Songs about New York City range from 1932’s “42nd Street” (by Harry Warren and Al Dubin) to Stephen Sondheim’s “Broadway Baby” (from 1971’s Follies). Whether one prefers to whistle George M. Cohan’s “45 Minutes from Broadway” or 1934’s “Let’s Take A Walk Around the Block (by Harold Arlen, E. Y. “Yip” Harburg, and Ira Gershwin), there is no shortage of lyrics with geographical references to New York.
From 1894’s “The Sidewalks of New York” to 1940’s “Give My Regards to Broadway” and beyond, some songs have become closely linked to the mythology of New York. There are even two hit songs (from 1944 and 1977) entitled “New York, New York.”
But what about lesser known songs (or forgotten hits) like “The Bowery” (from 1891’s A Trip to Chinatown); “Give It Back To the Indians” (from the 1939 Rodgers and Hart musical, Too Many Girls); “New York Is A Summer Festival” (by Harvey Schmidt and Tom Jones), and “Don’t Forget 127th Street” (from 1964’s Golden Boy)?
Bottom line? There are at least a gazillion stories that are set in New York, that happen to New Yorkers, and that have become part of the history of New York. Two, in particular, fascinated Bay area audiences this summer.
Though the first hot dog eating contest at Nathan’s Famous is rumored to have taken place on July 4, 1916, ever since 1972 the Nathan’s Hot Dog Eating Contest has been an annual event. Having given rise to such competitive eating champions as Takeru Kobayashi, Joey Chestnut, and 2015’s winner, Matt Stonie, many people only think of Nathan’s Famous on July 4th or when they see the company’s products in their local supermarket.
As part of the 2015 San Francisco Jewish Film Festival, audiences were treated to Lloyd Handwerker’s documentary entitled Famous Nathan. Anyone who grew up in Brooklyn was familiar with the food from Nathan’s (a mandatory stop on any trip to Coney Island) and Shatzkin’s Knishes (located just around the corner). However, until now, there has been little public knowledge of how this family business began, grew, and was eventually sold to corporate interests that would take the brand much further than the members of the Handwerker family could ever imagine.
A poster showing Nathan Handwerker in
front of Nathan’s Famous
Nathan Handwerker came to the United States in 1912 (a young Jew unable to read who had only learned how to write his name while crossing the Atlantic aboard a steamship). While working at a Coney Island restaurant named Feltman’s German Gardens, he was challenged by two of his co-workers (Eddie Cantor and Jimmy Durante) to launch a restaurant of his own. In 1916, he and his wife Ida launched a hot dog stand at the corner of Coney Island’s Surf Avenue and Stilwell Avenue. Their $300 investment blossomed into a multimillion dollar business.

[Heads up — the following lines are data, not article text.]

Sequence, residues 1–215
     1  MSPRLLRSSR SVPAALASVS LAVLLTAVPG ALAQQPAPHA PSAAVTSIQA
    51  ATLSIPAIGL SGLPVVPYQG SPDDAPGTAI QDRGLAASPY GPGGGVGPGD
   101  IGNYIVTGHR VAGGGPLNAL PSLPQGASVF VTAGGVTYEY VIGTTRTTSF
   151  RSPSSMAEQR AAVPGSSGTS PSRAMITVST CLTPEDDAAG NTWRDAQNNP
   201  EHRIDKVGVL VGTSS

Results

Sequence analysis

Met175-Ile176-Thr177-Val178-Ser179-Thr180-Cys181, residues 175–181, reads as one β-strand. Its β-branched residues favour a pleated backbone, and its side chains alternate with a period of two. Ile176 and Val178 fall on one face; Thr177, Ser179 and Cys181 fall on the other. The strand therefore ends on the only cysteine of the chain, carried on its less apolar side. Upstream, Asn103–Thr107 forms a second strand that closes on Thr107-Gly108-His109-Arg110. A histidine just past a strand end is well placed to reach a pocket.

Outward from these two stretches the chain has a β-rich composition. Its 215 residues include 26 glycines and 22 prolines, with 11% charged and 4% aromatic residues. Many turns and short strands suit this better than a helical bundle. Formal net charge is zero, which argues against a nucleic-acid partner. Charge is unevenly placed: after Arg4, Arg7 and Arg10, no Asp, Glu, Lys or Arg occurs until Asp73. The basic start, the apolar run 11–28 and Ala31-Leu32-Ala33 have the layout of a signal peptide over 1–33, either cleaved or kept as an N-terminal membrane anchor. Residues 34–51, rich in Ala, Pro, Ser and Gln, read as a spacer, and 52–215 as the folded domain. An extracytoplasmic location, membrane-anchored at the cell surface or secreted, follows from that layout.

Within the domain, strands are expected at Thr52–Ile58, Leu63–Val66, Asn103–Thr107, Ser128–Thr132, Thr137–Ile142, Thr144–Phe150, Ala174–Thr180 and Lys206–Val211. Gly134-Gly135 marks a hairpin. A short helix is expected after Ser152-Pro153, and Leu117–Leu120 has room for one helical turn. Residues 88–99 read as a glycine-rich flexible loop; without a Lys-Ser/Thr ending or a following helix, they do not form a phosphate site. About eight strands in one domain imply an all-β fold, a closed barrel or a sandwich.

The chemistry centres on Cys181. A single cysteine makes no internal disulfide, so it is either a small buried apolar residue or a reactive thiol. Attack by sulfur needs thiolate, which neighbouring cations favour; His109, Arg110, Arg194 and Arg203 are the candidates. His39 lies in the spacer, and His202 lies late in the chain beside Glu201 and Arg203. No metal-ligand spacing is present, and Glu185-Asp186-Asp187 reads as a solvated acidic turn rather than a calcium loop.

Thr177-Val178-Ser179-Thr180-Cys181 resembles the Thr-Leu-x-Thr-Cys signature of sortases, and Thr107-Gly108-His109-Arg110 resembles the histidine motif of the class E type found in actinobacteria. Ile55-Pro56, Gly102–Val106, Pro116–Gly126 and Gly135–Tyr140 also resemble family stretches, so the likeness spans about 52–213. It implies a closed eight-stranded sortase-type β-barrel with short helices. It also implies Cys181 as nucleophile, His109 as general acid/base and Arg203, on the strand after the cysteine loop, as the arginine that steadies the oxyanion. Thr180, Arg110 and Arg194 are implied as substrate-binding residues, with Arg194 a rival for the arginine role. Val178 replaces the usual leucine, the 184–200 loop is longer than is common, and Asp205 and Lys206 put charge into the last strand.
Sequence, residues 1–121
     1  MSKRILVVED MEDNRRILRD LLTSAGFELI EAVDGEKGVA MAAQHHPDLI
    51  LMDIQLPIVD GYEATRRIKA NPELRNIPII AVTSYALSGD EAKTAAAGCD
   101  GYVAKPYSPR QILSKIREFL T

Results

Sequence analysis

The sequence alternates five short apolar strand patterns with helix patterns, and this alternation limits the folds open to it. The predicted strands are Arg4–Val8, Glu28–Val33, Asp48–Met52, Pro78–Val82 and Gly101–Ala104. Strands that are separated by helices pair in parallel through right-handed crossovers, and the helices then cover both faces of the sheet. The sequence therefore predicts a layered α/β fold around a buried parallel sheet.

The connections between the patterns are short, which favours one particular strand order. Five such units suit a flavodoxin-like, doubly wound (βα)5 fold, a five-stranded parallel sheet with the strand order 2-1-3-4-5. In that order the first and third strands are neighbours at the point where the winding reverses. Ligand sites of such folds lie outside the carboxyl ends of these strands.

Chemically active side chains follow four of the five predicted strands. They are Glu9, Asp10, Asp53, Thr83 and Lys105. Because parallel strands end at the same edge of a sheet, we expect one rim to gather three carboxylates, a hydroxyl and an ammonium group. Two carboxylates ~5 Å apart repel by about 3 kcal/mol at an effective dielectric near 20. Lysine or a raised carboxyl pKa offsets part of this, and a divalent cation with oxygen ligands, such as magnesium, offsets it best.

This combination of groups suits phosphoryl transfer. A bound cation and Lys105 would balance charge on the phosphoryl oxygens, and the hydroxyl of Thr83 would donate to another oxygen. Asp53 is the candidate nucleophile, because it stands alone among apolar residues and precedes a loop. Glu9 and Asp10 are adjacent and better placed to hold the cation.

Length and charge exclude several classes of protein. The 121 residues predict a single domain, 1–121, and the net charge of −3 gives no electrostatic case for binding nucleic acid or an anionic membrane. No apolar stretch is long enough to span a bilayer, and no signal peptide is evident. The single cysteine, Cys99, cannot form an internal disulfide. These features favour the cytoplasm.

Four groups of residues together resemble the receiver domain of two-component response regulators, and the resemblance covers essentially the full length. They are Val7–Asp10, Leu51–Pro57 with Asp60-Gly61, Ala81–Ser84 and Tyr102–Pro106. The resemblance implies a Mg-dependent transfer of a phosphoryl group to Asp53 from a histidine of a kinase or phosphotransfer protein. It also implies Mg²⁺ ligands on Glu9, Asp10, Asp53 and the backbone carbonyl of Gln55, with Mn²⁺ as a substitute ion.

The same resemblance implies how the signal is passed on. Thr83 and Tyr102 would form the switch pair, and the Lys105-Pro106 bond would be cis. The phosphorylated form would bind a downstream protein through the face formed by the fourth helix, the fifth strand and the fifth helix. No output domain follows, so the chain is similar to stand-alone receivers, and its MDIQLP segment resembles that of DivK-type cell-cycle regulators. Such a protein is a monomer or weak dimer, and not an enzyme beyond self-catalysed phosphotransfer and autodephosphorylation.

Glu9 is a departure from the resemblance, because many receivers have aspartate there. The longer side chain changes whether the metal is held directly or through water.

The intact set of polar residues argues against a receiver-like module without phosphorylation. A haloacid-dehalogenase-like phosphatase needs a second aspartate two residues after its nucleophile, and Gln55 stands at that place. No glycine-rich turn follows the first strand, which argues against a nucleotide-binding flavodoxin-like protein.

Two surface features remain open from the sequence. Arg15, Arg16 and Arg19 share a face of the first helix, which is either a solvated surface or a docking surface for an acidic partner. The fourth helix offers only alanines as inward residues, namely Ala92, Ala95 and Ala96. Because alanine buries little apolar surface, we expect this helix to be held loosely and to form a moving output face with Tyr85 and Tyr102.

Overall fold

To the outside world, Nathan’s was a miracle of efficiency. To the workers however, it was difficult to spend a day on their feet in front of a hot grill — especially when old man Handwerker was looking over their shoulders to make sure they didn’t make any mistakes. There was also an intense sibling rivalry between Nathan’s two sons, Murray and Sol.
While Nathan Handwerker was quietly generous to many of his loyal employees, he had ways of irritating some others. As the filmmaker (Nathan’s grandson, Lloyd) explains:
“Since 1986, I’ve been piecing together my family history, looking for anyone I could find with Nathan’s stories. The most compelling have been the workers, some who stayed 40 or more years at the place. Not at all shy at offering opinions, they provide intimate, sometimes hilarious memories of working for Nathan, whose fierce dedication was the stuff of legends.”
Nathan’s Famous in Coney Island
“Ultimately, Famous Nathan honors the fighting spirit of a remarkable man and his equally remarkable business. And though it is nothing like when my grandparents ran it, the original Nathan’s Famous remains. As we approach the centennial of its birth — 100 years in 2016 — I offer this personal, long-in-the-making film to my parents, grandparents, the Nathan’s workers and to lovers of our great city everywhere.”
A neon sign with the logo for Nathan’s Famous
Lloyd Handwerker’s documentary relies on interviews with his relatives, former workers, and friends of his grandparents. Using a combination of stock footage and family films, he paints a portrait of an immigrant couple whose success eclipsed them. While some of his grandparents’ friends suggest that Ida’s life might not have been the happiest, what comes through quite clearly is a portrait of a driven business owner who was essentially married to his work.
One of the sadder tragedies to take place in Manhattan was the Triangle Shirtwaist Factory fire of March 25, 1911 in which 146 workers perished from smoke inhalation and/or jumping to their deaths from a ninth floor window. Located at 23-29 Washington Place, the building (which is now a part of New York University) has been declared a New York City Landmark as well as a National Historic Landmark. The following clip, marking the centennial of the deadly fire, explains how the tragedy occurred, its social impact, and the workplace protections that resulted from the deadly event.
In August 2012, I attended a workshop production of a new musical by Curtis Moore, Thomas Mizer, and Joshua Scher that was inspired by the story of the Triangle Shirtwaist Factory fire. Because members of the press must agree not to review workshop productions/readings staged by TheatreWorks Silicon Valley during its annual New Works Festival, it was difficult to spread the word about a superb new show being developed that was one of the most original pieces of musical theatre I had seen in years.